Thus, any statement expressible in the first-order theory of groups that happens to be true in all groups will be provable from the group axioms, and any statement expressible in the first-order statement of graphs that happens to be true in all graphs will be provable from the axioms of graph theory.

Your statement, however, does not seem to be expressible directly in the language of graph theory, since it also uses the concept of cardinality and of subgraphs, so the completeness theorem does not apply directly to it for the language of graphs. Rather, it is a statement of number theory, and the relevant models for this case would include all the standard and nonstandard models of arithmetic.

So the relevant conclusion would be that if the statement were not provable in the first-order Peano's axioms PA, then there is a nonstandard model of arithmetic having a bad (pseudo)finite graph.

But the particular form of the statement means that it has complexity $\Pi^0_1$, which means it is a universal statement quantifying over the natural numbers, and if any such statement is independent of PA, then it is true, because if it is true in any model, then because the standard model is an initial segment of all the others, it follows that it must be true in the standard model and hence true. This level of complexity is the same complexity as many of the interesting independent statements, including consistency statements.


Incidentally, this seems to be my 500th answer on mathoverflow. It's been a lot of fun, and I've surely learned a lot of mathematics!

share|improve this answer
    
I think you mean 'true' rather than 'provable in ZF' since Con(ZF) is a (hopefully true) $\Pi^0_1$ statement that is not provable in ZF (again, hopefully). –  François G. Dorais Aug 25 '11 at 12:57
    
Yes, I'll edit. –  Joel David Hamkins Aug 25 '11 at 12:58
1  
@Joel: I confess that I don't understand how this answers the OP's question. Are you saying that there aren't any statements that are true by accident? –  Timothy Chow Aug 25 '11 at 20:08
5  
Congrats on your 500th! –  François G. Dorais Aug 25 '11 at 20:13
1  
Timothy, yes, I am arguing that for statements in a first-order language, the (profound) fact that true-in-all-models is the same as provable means that there is no accidental truth. A statement in the language of graph theory is true in all graphs if and only if it is provable from the axioms of a graph. So we don't need another distinction besides provable, negated-provable, and independent. In the case of statements of arithmetic, such a view is intimately connected with a considerations of nonstandard models of arithmetic, but I maintain that it still answers the question. –  Joel David Hamkins Aug 25 '11 at 21:48

Yes, this is what constructivism is all about! In intuitionistic logic, the law of excluded middle doesn't generally hold, so it is not always possible to derive $A$ (i.e. $A$ is true) from $\lnot\lnot A$ (i.e. $A$ is not false).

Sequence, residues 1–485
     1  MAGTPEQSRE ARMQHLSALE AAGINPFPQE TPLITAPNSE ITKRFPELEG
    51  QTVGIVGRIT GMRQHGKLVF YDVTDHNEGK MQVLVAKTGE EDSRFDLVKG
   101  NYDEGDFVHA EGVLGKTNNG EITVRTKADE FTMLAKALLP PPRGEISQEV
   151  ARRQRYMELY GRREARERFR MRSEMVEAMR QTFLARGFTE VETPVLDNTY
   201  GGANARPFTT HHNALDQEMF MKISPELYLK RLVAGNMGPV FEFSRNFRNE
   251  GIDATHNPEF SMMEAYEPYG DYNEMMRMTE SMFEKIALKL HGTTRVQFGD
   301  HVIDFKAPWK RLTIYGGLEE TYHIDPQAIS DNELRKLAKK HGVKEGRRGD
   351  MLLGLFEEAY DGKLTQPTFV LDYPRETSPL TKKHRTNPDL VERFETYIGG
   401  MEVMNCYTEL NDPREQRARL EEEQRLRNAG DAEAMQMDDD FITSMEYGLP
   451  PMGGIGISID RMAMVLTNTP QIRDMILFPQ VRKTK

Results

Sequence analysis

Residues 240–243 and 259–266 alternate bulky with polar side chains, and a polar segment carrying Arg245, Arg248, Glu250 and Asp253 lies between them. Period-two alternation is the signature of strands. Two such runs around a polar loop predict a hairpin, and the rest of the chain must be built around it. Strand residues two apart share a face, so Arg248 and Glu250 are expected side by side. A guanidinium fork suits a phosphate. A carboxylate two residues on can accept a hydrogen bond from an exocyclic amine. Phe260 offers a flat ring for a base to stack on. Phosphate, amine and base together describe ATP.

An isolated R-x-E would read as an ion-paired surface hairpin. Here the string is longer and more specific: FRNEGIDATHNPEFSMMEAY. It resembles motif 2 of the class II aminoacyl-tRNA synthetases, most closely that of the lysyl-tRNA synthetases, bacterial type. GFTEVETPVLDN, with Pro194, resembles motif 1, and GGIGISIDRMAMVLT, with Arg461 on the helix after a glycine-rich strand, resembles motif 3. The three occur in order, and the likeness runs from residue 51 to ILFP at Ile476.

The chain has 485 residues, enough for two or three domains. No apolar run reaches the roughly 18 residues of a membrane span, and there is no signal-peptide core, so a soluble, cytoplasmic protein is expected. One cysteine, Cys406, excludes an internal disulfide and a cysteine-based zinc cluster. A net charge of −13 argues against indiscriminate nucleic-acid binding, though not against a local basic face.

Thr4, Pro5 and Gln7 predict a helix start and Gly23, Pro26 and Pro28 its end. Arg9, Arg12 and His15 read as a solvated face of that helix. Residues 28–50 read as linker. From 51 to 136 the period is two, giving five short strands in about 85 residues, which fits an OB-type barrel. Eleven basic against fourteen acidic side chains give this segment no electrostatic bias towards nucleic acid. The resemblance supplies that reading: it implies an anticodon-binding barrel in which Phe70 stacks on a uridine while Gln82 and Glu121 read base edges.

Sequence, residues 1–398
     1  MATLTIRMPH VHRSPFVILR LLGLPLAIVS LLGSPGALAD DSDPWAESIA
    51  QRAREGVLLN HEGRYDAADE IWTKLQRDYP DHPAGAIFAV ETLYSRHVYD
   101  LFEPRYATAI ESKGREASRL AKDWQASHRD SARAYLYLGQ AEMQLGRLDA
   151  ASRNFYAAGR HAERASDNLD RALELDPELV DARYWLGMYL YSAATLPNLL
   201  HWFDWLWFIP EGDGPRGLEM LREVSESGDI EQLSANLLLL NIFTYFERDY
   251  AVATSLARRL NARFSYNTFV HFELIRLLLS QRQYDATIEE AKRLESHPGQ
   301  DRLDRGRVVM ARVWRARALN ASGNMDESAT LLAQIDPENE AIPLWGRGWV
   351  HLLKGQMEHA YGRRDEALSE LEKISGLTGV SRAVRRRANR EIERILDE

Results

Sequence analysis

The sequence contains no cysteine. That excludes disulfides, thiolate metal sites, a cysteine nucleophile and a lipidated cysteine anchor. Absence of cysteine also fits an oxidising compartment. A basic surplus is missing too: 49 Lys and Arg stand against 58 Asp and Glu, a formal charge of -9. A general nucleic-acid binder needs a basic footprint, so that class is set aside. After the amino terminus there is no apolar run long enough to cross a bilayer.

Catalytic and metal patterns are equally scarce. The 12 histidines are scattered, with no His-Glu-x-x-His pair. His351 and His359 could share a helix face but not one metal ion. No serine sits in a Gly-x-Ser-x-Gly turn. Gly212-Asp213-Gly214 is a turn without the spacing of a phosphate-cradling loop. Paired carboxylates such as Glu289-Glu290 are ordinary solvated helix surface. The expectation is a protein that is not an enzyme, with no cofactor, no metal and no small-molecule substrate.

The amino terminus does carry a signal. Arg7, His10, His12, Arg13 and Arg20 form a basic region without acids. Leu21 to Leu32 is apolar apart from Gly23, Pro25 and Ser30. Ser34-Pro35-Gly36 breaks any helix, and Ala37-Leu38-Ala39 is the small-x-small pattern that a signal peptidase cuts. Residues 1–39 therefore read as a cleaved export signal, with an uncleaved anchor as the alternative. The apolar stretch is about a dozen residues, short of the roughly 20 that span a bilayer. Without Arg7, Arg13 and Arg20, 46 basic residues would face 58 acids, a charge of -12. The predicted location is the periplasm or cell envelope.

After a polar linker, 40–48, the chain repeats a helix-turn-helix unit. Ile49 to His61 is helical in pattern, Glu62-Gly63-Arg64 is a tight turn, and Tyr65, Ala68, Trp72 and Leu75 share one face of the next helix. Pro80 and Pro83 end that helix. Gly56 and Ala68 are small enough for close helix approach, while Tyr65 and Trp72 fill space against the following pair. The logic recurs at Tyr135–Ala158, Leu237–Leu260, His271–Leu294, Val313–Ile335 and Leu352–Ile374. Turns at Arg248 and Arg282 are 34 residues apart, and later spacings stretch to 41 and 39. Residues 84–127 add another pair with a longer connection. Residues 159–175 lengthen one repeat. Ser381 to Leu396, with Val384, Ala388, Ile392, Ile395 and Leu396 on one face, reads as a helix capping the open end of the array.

The particular case you're considering is a form of Markov's Principle, which can be worded as if it is not the case that there is no example, then an example does exist. Symbolically, the rule is $$\lnot\forall x\lnot A(x) \to \exists x A(x),$$ where $A(x)$ is required to be decidable: $\forall x(A(x) \lor \lnot A(x))$. In constructive mathematics, existence is very strong — it is not acceptable to merely show that there must be an example, one needs to actually produce an example in some way or another. Markov's principle says that showing that there must be an example is enough to prove existence. Thus this principle is not generally accepted by most schools of constructivism, except in limited instances.

share|improve this answer
2  
What you describe is not Markov’s rule, but Markov’s principle. Markov’s rule is the corresponding derivation rule which states that when $\neg\forall x\neg A(x)$ is provable, then $\exists x\,A(x)$ is provable (under appropriate conditions on $A$). All usual constructive theories (for example, Heyting arithmetic) are closed under this rule, even though they typically do not prove Markov’s principle. Therefore, even in constructive setting, it would suffice to prove that there is no counterexample in order to establish the conjecture. –  Emil Jeřábek Aug 25 '11 at 12:22
    
You're absolutely right, I just fixed it. –  François G. Dorais Aug 25 '11 at 12:39

Probably the closest thing to what you're looking for is Chaitin's proof of the incompleteness theorem, which shows that for any formal system $S$, there is a constant $L$ such that the statement "$K(s) > L$" is unprovable in $S$ for all strings $s$ (here $K$ denotes Kolmogorov complexity). The vast majority of such statements are true "at random" because a random string will have high Kolmogorov complexity.

However, you didn't ask whether there exists a family of statements that can be regarded as being "true by accident"; you asked whether a specific statement (the graph reconstruction conjecture) can be regarded as being "true by accident." So Chaitin's incompleteness theorem doesn't quite address your question as stated.